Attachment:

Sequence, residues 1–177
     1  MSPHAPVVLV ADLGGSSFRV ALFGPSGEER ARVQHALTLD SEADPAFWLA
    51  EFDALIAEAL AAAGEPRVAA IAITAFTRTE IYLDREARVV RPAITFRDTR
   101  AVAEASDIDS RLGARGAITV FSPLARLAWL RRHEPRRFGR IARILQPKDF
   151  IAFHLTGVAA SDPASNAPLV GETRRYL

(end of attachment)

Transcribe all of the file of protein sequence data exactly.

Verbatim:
Sequence, residues 1–177
     1  MSPHAPVVLV ADLGGSSFRV ALFGPSGEER ARVQHALTLD SEADPAFWLA
    51  EFDALIAEAL AAAGEPRVAA IAITAFTRTE IYLDREARVV RPAITFRDTR
   101  AVAEASDIDS RLGARGAITV FSPLARLAWL RRHEPRRFGR IARILQPKDF
   151  IAFHLTGVAA SDPASNAPLV GETRRYL